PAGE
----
Richardson drew a number of conclusions from his list. None of them seem really solid to me, but they are all interesting. Let me type them in the way that they're given in the editor's introduction:

1) Wars seem to have been distributed in time by chance in respect to both beginning and end. There is no evidence that they have been becoming either more or less frequent, though there seems to have been a tendency, at least since 1820, for large wars to become more and small wars less frequent and there is evidence of oscillations in the frequency of wars in periods of 9 to 144 years.

2) The increase in world population from 1820 to 1949 seems not to have been accompanied by a proportionate increase in the frequency of, and losses of life from, war, as would have been the expectation if belligerency had been constant.

3) States have varied from one another in the frequency of their participation in wars during this period, but each has varied so much during its history that none can be properly characterized as inherently belligerent or inherently pacific. The problem of war does not arise from the diabolism of one of a few states. (However, it sure looks to me like the European states have been involved in a lot of them.)

4) States have tended to become involved in wars in proportion to the number of states with which they have common frontiers. Contiguity has been an important factor in war during this period.

5) Common citizenship has not assured peace, nationalism has both induced and prevnted wars, but there appear to have been pacifying influences such as common government, intermarriage, common fears, and common culture tending to prevent civil and local wars. The actual occurrence of war has been far less than would be expected from the opportunities for war presnted by geographical contiguity.

6) The longer groups have been united common government, the less has been the probability of war between them.

7) Allies in one war may become enenmies in the next, but alliances seem to have had some influence in preventing war between former allies. That influence, however, declines with the passage of time since the war alliance.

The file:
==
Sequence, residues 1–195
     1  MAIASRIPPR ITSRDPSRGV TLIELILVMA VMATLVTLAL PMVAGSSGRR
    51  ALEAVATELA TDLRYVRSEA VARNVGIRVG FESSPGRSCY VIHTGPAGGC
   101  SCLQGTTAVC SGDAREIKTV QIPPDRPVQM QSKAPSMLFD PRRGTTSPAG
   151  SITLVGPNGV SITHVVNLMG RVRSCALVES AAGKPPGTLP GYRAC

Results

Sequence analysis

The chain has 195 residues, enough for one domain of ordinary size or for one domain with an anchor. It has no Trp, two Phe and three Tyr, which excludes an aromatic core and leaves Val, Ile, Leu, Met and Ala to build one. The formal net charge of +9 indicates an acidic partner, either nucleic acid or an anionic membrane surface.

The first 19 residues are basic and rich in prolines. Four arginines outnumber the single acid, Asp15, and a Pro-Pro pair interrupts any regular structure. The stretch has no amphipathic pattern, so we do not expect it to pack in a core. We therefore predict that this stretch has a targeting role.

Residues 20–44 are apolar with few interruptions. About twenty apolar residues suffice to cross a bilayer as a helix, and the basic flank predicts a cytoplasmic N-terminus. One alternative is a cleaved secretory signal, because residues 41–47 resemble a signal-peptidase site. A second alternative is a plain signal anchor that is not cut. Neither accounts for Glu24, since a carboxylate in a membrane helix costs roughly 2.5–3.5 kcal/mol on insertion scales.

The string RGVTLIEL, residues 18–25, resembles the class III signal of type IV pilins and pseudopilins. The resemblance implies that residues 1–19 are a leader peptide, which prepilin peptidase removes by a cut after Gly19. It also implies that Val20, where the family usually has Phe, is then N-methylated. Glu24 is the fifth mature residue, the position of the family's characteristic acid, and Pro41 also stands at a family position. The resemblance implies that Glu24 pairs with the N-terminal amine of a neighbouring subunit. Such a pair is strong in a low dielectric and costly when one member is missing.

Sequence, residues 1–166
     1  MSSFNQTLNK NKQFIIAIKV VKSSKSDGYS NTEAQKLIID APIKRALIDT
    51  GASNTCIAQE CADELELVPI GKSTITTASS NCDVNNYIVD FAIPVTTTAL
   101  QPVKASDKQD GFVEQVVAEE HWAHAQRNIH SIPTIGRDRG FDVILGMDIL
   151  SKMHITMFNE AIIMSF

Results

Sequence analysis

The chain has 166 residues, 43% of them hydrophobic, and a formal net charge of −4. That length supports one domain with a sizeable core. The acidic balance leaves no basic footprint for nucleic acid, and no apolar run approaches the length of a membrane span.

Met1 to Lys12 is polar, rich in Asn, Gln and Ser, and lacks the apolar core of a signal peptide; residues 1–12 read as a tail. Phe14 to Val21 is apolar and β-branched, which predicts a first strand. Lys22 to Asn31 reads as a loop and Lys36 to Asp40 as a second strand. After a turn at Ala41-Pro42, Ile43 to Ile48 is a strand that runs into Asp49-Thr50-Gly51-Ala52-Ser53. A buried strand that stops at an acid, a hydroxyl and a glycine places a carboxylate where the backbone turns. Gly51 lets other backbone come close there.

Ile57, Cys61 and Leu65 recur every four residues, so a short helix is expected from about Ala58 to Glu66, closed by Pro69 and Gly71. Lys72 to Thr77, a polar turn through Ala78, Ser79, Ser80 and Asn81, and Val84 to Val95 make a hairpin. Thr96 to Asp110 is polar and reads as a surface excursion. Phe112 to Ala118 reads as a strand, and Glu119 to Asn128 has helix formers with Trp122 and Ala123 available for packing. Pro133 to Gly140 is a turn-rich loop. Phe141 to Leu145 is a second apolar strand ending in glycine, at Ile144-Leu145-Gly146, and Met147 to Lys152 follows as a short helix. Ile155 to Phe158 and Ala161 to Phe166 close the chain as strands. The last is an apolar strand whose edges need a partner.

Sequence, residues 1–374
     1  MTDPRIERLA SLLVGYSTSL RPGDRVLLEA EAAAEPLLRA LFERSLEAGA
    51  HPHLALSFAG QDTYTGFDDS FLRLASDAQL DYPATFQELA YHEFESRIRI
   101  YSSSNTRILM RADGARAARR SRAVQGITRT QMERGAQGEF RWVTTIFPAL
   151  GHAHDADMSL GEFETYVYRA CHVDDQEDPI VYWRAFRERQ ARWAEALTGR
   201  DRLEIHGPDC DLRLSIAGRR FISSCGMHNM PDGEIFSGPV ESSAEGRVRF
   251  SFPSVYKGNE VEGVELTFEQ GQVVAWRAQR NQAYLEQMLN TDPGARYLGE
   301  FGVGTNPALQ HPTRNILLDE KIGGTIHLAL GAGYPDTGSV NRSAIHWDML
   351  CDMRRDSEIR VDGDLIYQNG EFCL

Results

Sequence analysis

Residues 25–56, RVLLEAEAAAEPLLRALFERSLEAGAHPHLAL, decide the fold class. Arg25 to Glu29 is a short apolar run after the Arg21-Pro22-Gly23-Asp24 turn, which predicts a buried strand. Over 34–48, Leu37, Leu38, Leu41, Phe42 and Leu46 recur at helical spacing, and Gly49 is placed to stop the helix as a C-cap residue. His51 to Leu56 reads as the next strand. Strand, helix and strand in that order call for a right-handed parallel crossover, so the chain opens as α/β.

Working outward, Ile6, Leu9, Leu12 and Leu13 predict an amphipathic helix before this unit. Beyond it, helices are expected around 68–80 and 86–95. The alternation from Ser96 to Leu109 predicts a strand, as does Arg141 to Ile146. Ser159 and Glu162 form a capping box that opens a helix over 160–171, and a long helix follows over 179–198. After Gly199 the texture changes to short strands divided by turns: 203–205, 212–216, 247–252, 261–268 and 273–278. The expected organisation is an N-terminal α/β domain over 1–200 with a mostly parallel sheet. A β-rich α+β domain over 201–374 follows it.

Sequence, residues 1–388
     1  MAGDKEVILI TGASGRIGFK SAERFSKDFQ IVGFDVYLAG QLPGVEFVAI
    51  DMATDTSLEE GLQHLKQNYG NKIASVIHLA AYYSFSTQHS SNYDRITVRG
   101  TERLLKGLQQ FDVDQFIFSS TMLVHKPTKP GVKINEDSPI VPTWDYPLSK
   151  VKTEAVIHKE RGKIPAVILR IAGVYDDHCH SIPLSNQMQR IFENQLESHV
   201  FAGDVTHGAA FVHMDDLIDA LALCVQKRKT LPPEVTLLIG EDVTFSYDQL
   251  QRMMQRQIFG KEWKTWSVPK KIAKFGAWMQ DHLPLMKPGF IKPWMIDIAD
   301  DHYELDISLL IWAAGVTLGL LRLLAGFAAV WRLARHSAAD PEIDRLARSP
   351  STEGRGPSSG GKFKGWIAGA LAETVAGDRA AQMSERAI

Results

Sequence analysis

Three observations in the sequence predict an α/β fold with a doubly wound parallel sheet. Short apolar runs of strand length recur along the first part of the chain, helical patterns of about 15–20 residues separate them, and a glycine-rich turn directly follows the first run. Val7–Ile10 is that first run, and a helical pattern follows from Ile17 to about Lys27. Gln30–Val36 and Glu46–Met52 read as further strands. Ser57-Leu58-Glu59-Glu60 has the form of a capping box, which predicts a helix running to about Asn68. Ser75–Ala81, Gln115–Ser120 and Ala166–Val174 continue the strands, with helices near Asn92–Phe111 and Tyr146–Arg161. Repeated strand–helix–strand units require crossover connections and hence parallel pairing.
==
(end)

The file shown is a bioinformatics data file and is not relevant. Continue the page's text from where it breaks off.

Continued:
8) Desire for revenge seems to have been an important cause of war during this period, decling as the inciting war recedes in history by rising slightly after a generation.

9) Economic causes seem to have figured directly in less than 29 per cent of the wars since 1820 and have been more important in small than in large wars.

10) Similarity and difference of language seem to have had little influence on the occurrence of wars during this period, contrary to the belief of some advocates of universal languages, except that the Chinese language has been correlated with peacefulness and Spanish with warlikeness.

11) Similarity of religion seems not to have made for peace, except in the case of Confucianism, but differences of religion have apparently caused war, especially the differences of Christianity and Islam. The statistics suggest, but do not prove, that "Christianity incited war between its adherents"

12) The larger the number of belligerents in a war, the more neutrals have tended to be drawn in. Wars with many participants have tended to be longer and less frequent.

13) A trend for war to become indivisible, that is, for every war to become universal, has not been proved. Most wars have been localized. Neutrals have tended to become belligerents only if two or more world powers have been fighting each other. (The Nicaraugans will atest to that!)

14) In proportion to their possible contacts for war-making, sea powers seem to have been less belligerent than land powers.

15) International relations cannot be considered a chaotic field with all nations equally likely to be infected by war. Geographical relations have exerted great influence.

The analyses for these are quite detailed, with attempts to fit mathematical models to the data, and signficance tests on the results.

Does this approach make sense? Well, sort of. Things can be counted and quantified only if they are fundamentally similar. It makes no sense to say that there are 23 apple-chairs in a house because there is no reason to lump apples and chairs together. Wars come in a lot of different types. Using the Civil War and the Hindu-Moslem riots as data points is comparing two fairly different things. However, all wars have the common denominator of mass violence. In that respect they are all alike. Richardson's elaborate correlations may not be completely justified, but I think they do give one a way to summarize history. Surely something can be learned from this vast and horrible spectacle, and Richardson's numbers are one objective place to start.

(c) John Redford, Dec-99